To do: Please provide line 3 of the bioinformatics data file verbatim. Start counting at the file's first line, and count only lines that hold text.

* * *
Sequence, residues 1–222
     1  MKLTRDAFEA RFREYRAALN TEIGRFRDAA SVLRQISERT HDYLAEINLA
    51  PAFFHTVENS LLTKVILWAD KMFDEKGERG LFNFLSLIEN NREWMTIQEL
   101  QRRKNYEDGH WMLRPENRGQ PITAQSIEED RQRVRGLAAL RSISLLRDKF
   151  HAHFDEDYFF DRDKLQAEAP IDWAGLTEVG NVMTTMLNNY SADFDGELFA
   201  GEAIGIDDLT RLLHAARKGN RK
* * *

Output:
    51  PAFFHTVENS LLTKVILWAD KMFDEKGERG LFNFLSLIEN NREWMTIQEL